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Another “escape the room” board game

Some family members and I recently tried playing another “escape the room” board game, this time from different creators. ‘Twas called “Escape The Room: Mystery at The Stargazers Manor”.

I’m not sure if it was better or worse than the pharaoh’s tomb we played earlier.

Pros: The puzzles were a little less arbitrary and fit into the story a bit more naturally. The final puzzle made you search through all the material you had used throughout the game, which was a nice finale. Also, this one allows you repack all the material so that someone else could play through it again. (Whereas players destroy the gaming material in the pharaoh’s tomb game during the process of playing, so no one can replay with the same set.)

Cons: Like the pharaoh’s tomb game, the game mainly depended on finding the right symbols in the right order and using a sliding decoder disc to check your code. If your code is correct, you advance to the next puzzle (or set of puzzles). I wish they’d come up with something a little more creative, though I’m not sure what. Symbols just get boring very quickly, and seem so arbitrary. However, the main “con” of this game was that it was just too easy. It might be great for 10-13 year olds, but it feels way too childish for 30 year olds. The puzzles here are just way too easy, and the game is over too quickly.

Therein lies the challenge of designing a good puzzle. If it’s too easy, it’s not interesting, but making it more challenging by making more confusing or enigmatic doesn’t make it more enjoyable.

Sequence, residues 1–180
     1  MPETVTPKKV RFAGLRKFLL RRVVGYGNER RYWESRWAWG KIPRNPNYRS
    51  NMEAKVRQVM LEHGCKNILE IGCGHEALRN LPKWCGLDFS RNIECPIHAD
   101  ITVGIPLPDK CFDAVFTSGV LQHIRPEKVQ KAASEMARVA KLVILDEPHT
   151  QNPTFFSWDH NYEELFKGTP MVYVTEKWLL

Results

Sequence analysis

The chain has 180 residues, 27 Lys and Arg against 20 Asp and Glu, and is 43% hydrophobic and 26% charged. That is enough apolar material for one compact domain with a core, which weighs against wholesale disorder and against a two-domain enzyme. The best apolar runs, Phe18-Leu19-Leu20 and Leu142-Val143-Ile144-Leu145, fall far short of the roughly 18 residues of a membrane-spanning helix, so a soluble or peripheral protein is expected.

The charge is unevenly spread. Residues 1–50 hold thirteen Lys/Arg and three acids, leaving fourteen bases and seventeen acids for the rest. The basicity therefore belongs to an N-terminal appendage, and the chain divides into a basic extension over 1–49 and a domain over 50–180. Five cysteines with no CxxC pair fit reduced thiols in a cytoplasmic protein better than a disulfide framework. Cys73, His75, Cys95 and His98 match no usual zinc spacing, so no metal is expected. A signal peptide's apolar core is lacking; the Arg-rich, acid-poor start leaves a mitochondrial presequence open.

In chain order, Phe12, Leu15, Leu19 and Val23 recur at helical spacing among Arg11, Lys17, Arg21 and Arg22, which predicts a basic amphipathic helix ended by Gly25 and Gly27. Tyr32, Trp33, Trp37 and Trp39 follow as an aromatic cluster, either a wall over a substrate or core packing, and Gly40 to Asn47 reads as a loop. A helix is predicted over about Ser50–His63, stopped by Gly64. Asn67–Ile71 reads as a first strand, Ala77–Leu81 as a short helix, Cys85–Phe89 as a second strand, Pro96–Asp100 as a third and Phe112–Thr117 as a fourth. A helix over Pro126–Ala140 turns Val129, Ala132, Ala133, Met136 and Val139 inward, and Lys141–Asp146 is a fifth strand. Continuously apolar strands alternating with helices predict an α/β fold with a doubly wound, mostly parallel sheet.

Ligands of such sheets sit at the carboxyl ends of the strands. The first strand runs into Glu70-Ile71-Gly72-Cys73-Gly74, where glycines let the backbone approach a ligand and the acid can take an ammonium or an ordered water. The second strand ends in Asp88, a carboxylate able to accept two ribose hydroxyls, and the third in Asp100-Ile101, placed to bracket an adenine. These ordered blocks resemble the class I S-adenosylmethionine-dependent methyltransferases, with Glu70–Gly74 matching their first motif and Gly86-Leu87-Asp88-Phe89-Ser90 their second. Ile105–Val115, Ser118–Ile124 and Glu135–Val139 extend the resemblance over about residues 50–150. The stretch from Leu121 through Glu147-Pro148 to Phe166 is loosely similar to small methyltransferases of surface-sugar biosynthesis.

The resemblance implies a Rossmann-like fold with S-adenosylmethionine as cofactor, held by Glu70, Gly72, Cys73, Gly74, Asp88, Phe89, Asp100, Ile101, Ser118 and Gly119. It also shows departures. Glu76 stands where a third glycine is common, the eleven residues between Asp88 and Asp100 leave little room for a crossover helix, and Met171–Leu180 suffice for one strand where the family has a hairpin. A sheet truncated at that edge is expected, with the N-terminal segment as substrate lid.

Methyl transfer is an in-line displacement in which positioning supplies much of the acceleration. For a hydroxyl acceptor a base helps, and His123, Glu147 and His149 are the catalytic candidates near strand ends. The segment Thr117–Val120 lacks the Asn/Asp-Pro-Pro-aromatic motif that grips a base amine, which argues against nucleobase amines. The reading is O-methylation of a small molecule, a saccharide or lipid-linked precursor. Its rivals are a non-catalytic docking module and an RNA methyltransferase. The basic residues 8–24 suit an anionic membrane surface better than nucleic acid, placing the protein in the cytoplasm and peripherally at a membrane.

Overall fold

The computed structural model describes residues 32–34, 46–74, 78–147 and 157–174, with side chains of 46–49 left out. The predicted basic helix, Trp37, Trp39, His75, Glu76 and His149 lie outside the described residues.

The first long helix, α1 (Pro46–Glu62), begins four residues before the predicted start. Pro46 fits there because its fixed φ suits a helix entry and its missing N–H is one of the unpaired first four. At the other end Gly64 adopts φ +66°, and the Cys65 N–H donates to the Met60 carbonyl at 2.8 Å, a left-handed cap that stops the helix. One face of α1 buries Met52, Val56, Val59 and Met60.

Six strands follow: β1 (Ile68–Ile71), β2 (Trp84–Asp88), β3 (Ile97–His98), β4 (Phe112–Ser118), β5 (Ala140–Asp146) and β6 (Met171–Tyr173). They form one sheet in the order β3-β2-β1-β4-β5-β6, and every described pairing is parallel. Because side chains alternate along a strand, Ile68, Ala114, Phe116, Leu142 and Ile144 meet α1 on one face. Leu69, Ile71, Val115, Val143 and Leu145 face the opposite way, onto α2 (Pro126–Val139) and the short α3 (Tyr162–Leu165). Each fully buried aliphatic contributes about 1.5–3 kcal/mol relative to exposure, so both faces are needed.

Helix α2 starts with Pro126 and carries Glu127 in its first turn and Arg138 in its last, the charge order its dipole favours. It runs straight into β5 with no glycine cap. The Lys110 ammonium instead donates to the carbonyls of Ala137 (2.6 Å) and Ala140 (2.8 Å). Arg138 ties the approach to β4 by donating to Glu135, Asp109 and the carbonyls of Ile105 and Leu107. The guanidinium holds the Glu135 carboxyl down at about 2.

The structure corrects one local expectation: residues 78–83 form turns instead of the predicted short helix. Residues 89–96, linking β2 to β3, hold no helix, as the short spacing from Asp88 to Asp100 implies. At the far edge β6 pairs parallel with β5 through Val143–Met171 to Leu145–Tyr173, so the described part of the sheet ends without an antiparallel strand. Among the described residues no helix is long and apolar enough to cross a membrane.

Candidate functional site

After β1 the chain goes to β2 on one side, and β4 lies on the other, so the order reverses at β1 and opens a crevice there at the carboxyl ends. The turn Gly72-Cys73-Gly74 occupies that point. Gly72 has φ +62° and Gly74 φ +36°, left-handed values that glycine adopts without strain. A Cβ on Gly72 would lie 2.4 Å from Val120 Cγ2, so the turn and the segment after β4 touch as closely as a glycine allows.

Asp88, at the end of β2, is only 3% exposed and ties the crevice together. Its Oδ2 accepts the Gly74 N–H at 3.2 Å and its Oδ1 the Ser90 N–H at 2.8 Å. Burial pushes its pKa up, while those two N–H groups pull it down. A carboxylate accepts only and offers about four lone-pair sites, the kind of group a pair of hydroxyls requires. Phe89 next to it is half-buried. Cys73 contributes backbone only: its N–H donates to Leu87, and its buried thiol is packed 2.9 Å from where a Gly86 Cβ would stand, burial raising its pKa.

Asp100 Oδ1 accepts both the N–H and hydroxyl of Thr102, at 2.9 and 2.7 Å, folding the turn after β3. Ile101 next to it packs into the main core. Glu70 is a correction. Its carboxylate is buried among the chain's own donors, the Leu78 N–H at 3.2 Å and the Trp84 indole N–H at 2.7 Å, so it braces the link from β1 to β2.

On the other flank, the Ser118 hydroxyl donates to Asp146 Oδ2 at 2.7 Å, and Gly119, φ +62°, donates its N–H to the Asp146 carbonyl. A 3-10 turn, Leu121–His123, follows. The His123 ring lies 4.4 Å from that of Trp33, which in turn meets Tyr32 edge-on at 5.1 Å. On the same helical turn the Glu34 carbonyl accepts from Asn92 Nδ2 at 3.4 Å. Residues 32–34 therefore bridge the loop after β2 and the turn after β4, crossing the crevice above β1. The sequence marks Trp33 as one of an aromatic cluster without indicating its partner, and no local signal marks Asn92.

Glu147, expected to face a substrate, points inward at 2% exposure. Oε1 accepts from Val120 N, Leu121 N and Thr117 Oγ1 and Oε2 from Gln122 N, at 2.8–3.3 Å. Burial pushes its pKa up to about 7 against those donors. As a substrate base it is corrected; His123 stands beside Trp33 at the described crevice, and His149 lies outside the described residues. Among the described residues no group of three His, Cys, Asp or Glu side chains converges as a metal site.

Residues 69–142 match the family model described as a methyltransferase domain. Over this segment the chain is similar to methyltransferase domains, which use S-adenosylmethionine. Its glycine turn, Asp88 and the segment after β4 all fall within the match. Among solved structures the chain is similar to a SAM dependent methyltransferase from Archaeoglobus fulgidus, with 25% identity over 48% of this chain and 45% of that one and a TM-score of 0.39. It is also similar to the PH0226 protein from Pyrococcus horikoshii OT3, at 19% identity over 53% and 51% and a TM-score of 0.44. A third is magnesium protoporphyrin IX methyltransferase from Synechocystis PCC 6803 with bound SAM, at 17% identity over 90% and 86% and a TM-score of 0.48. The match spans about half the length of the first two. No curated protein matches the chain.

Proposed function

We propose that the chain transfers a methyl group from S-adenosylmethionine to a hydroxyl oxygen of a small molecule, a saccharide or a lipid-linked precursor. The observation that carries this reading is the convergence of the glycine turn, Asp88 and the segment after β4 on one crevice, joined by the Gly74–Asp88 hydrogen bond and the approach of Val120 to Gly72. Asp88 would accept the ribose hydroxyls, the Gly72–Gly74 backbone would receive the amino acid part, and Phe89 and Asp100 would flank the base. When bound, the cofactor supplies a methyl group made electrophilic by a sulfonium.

What makes a good puzzle?

I suppose a good puzzle has three (or four) attributes:

  1. Problem to solve is easy to understand.
  2. Problem is challenging to solve.
  3. Solution is simple.
  4. For story-based games like these “escape the room” games, I’d also add this: Problem relates well to the game’s overall story.

Of course whether or not those conditions are met by a certain puzzle is subjective. What’s simple to someone may be confusing to someone else. But everyone is different and special in their own way, so that’s OK.

Anyway, I think the pharaoh’s tomb game design had problems with attribute 1. They tried to make puzzles more difficult by simply making the instructions more enigmatic. This stargazer’s manor game, on the other hand, had problems with attribute 2, at least for adult players. The challenges were too easy for adults.

Both games had trouble with attribute 4. The puzzles are just sort of shoe-horned into the story and the setting. Perhaps most players are more interested in the puzzles than the surrounding story or scenario… but then why not just go print out some puzzles from the web for free? If you’re going to buy an “escape the room” board game, isn’t for the “escape” scenario? So I wish these games had spent more effort writing compelling scenarios, rather than just taking it a bit for granted. Both scenarios were just forgettable and dumb.

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S P Hannifin

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